What was the purpose of the narrative in fur trade journals?

Journals served a post’s accounting system. While a trader’s accounts helped assess a post’s productivity whether in goods or labour, his journals included observations of the behaviour, character, personalities, and reliability of people at the post or visiting it. This was a world of credit relations, where such information was vital. Certainly there were many aspects of a trader’s world that he did not record. They are often lost beyond the scope of the narratives he left in these documents. However, if these narrative fragments are reassembled by historians from multiple, brief mentions of individuals in many journals or drawn fully from the trader himself, they can be assessed on their own terms to see the ways that Europeans, Indigenous people and the environment itself related, according to the trader, to the larger commercial world of the eighteenth century.

What’s the significance of the story of the “Awful Death of James Sutherland”?

My lecture looks at how these narratives can be understood in light of their purpose in eighteenth century accounting traditions. In 1797, James Sutherland, the journal writer at Brandon House, in present-day Manitoba, took ill and died. His assistant, Thomas Miller, wrote the daily journal entries at the post in his stead. Miller carefully left detail of not only how his master died, but also the behavior of his post’s servants towards their dying master. Miller even recorded, verbatim, the spoken words of the men around him and those of Sutherland to his last breath. The story is significant in showing just how expansive accounting responsibilities could be in this period and how journals can yield significant insights into fur trader lives. We can count ourselves lucky to have them to study.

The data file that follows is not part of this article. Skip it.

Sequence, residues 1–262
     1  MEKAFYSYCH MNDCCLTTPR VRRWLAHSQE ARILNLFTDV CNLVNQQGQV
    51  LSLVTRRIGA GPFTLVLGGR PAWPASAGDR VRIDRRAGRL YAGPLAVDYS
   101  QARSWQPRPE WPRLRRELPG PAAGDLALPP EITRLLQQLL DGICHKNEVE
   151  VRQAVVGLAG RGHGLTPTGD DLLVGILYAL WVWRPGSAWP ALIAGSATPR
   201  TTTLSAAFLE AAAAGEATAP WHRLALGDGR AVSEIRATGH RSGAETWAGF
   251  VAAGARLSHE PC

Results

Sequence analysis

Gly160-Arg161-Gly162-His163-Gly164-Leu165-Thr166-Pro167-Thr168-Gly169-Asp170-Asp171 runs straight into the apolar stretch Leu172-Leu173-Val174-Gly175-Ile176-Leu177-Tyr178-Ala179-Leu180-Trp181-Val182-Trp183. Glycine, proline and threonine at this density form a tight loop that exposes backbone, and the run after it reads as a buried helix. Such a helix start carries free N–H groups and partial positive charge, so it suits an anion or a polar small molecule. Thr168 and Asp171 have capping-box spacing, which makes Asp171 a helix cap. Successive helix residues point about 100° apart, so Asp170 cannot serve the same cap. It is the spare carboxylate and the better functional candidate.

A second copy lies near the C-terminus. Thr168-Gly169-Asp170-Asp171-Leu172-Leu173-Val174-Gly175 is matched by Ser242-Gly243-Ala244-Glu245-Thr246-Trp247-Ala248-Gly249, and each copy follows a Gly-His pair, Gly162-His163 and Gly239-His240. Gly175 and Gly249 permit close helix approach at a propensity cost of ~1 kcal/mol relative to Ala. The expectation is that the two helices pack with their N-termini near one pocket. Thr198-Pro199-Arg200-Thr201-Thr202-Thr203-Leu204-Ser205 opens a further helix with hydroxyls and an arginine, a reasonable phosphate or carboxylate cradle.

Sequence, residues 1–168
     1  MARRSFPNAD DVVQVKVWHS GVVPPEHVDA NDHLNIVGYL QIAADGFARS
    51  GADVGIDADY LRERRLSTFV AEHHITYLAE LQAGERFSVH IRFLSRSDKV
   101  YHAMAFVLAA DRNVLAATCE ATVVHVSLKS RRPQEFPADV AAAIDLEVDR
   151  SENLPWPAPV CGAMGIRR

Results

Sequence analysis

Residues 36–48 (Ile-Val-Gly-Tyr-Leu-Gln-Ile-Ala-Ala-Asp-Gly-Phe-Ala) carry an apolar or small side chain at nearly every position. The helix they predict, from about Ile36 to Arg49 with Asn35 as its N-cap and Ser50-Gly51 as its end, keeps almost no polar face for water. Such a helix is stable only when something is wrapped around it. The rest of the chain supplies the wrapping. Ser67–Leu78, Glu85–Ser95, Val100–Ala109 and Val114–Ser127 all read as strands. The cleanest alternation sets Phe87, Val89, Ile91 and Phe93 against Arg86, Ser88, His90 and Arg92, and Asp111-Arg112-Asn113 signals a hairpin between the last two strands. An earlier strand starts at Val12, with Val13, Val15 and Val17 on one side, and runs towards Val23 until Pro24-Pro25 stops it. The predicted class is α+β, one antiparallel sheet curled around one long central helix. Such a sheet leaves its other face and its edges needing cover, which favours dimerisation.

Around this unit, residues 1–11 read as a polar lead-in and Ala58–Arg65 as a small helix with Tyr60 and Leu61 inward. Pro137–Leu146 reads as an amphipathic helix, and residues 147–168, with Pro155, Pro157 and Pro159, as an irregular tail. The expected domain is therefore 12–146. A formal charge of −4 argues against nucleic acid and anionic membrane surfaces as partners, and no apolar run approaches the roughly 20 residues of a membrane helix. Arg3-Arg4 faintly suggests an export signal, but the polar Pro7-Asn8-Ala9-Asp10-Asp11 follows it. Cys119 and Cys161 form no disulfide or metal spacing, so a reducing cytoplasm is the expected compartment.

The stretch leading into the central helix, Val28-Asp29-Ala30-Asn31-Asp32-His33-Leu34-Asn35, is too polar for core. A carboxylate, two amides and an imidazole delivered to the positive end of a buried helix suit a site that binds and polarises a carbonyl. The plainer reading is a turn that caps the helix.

How do journals and the stories they contain change?

In the early 19th century broad changes were occurring in business and the accounting supporting it. The HBC reformed its own accounting a number of times, but most significantly, its London committee developed management accounting techniques by 1810 that changed the ways traders did their books. One important change related to journal-writing. The company instructed traders to write less miscellanea and instead report only “facts” related directly to a trade’s business. One can see a change occurring after that in the ways traders wrote their journals, especially after 1821. Over the long term, traders began maintaining different reports to capture more statistically their work. Their journals became narrowed in content; indeed, by the 1850s, many journal entries were reduced to brief daily summaries. Still valuable for researchers, they nevertheless offered a different form of observation than a fur trader’s journal had in the eighteenth century.

The Awful Death of James Sutherland. Thursday, October 5, 4th floor, Colgate Seminar Room, McLennan Library (3459 McTavish Street). Admission is free. 

The lecture will be followed by a cocktail reception in the reading room, and will be accompanied by an exhibition to showcase the library’s extraordinary collection of fur-trade holdings.